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“Fine, hard-packed, hard-hitting prose”
-- N.Y. Times Book Review
Plunder of the Sun, 1st ed.

Plunder of the Sun


Publishing History

  • Blue Book Magazine. Vol. 88, no. 6 (Apr. 1949)
  • New York: Random House, 1949
    • -- DeLuxe edition. (Mystery Guild Library)
    • -- Book Club edition. (Dollar Mystery Guild), with variant cover 
  • The Toronto Star Weekly, 19 November 1949 (Star Weekly Complete Novel)
  • London: Michael Joseph, 1950
  • New York: Dell Publishing Company, 1951 (Dell 478)
  • Harmondsworth, Middlesex: Penguin Books, 1955 (Penguin 1022)
  • New York: Dorchester Publishing Co., 2005 (Hard Case Crime HCC-010); ISBN: 978-0843953589 [Buy this book]
  • New York: Diversion Books, 2015. [Kindle edition]; ISBN: 978-1626816039 [Buy this book]

Read an Excerpt


Series Character


  • Plunder of the Sun (CBS, 1949) Episode 96 of Escape!

Film Links


  • Peru
Plunder of the Sun, 1950

   He turned his head toward the nurse as he finished speaking. It may have been only a coincidence, but I wondered. Just then she was a thing of beauty in anybody’s language. The breeze had stiffened suddenly, flipping the ribbon in her hair so that she put up both hands to secure it. That particular gesture is one of the most feminine things a woman can do, to my mind. Her back straightens, her breasts push forward, her head comes up, her arms curve like the handles on a Grecian vase. Even a homely woman looks different when she is fixing her hair. Berrien’s nurse wasn’t homely.
   Plunder of the Sun, Chapter 1.


   The second Al Colby adventure begins in a park in Santiago, Chile, when Colby accepts a job from the mysterious invalid Señor Alfredo Berrien. Berrien has a Peruvian “antique” that he wants smuggled back into Peru. The job pays $1,000 and gives Colby an excuse to get to know Berrien’s nurse, Ana Luz. Colby’s assignment is to carry the object aboard the Talca, an American ship sailing from Valparaíso, and return it to Berrien when they reach Callao.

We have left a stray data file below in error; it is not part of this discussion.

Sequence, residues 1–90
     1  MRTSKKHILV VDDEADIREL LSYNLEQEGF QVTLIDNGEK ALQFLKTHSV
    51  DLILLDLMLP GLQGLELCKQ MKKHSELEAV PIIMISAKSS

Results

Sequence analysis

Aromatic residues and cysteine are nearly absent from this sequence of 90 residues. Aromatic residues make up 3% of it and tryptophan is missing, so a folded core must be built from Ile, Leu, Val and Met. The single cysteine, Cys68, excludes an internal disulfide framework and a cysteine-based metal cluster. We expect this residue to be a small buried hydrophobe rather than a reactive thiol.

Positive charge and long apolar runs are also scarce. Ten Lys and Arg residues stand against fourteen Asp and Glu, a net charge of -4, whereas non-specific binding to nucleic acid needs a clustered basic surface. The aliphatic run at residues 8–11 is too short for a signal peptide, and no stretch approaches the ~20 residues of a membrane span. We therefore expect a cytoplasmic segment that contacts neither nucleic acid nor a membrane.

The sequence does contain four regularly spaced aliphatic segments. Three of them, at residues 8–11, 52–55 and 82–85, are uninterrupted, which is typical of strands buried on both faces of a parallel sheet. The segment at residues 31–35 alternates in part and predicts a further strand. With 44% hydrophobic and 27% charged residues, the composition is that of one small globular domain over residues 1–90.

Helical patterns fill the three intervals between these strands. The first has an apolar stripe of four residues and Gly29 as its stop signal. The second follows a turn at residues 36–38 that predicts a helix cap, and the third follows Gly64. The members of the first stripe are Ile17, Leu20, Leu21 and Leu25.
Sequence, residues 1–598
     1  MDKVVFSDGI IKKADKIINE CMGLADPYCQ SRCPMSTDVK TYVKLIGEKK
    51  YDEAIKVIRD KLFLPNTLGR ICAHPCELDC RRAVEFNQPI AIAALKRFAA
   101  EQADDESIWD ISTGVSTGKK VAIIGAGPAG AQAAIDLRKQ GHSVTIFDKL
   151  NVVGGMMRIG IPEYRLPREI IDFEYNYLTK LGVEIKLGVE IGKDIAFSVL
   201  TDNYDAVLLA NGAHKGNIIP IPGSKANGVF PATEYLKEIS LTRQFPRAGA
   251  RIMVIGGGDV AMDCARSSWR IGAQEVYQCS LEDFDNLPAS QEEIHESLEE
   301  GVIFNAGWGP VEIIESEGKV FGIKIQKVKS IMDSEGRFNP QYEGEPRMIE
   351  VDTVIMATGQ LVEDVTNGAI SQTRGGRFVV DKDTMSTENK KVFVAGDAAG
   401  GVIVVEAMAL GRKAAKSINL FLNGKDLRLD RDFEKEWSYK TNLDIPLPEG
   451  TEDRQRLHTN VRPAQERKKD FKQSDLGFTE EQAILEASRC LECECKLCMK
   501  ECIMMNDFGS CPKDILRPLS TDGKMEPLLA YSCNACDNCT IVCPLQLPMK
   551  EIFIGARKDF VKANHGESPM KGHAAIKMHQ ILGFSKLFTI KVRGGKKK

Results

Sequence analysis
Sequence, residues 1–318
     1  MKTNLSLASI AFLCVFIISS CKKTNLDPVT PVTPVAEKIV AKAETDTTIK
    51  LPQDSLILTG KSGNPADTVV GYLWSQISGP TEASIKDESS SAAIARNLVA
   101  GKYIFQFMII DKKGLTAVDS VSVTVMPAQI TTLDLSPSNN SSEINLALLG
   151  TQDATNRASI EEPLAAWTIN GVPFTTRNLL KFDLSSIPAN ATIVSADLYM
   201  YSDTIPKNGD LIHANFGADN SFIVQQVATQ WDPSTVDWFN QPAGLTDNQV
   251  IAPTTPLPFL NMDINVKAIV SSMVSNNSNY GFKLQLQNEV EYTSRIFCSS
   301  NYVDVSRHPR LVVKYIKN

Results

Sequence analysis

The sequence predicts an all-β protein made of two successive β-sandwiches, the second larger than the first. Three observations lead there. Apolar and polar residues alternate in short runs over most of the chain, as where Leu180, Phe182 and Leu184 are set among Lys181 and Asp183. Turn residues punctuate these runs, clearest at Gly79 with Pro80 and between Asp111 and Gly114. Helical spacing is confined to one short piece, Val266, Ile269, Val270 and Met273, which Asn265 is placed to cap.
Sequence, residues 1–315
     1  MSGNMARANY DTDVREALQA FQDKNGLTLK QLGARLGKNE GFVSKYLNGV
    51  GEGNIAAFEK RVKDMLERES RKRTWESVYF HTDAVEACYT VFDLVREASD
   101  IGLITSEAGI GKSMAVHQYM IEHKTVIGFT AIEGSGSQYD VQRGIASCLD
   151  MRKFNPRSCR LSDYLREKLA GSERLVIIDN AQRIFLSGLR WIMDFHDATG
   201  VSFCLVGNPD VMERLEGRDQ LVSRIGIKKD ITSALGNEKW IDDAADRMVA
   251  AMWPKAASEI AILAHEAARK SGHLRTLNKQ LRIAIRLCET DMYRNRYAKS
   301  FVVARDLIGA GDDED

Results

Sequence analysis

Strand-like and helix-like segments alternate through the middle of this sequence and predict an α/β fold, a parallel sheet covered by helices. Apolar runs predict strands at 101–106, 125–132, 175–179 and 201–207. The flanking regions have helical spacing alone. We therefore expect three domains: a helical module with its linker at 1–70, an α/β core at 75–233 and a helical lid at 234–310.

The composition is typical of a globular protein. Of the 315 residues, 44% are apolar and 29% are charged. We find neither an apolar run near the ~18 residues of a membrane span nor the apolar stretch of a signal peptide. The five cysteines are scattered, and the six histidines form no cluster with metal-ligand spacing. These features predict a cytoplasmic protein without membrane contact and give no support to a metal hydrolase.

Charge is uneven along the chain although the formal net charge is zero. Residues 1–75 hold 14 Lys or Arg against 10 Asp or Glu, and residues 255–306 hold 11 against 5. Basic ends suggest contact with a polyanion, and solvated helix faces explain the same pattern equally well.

After Berrien, who has a serious heart condition, is found dead in his shipboard cabin, Colby discovers that the object he is carrying is a quipu, an Inca message-cord, wrapped in three sheets of parchment covered with writing in Quechua. After consulting a museum in Lima, Prescott’s The Conquest of Peru, and an unscrupulous collector and translator in Arequipa, Colby learns that what he really has is a manuscript describing the location of eighty-four pieces of lost Inca treasure.

   In his quest for the gold, Colby tangles with a rough, ruthless American “sharp-shooter” named Jeff who first tries to steal the manuscript, then proposes a partnership, and finally double-crosses him and steals the loot. The action climaxes with a chase across Lake Titicaca as Jeff tries to make it to Bolivian waters in a small reed boat.

   Dodge considered this novel one of his best works. He was disappointed with the Hollywood treatment of his story, which moved the action from Peru to Mexico and changed the Inca gold to Aztec treasure, besides being a “low-budget, very poor picture.” He opened negotiations for a South American version of it with a Peruvian producer. Unfortunately, nothing ever came of the negotiations.

Plunder of the Sun, Dell 478 Plunder of the Sun, Dell 478, mapback Plunder of the Sun, Penguin

Cast of Characters

Ana Luz Benavides
Alfredo Berrien
Al Colby
The Commandante
Raul Cornejo
Jefferson (Jeff)
Enrique Martínez Castro
Ubaldo Naharro
Tacho Peralta

Book Reviews

Previous novel The Long Escape (1948)
The Red Tassel (1950) Next novel

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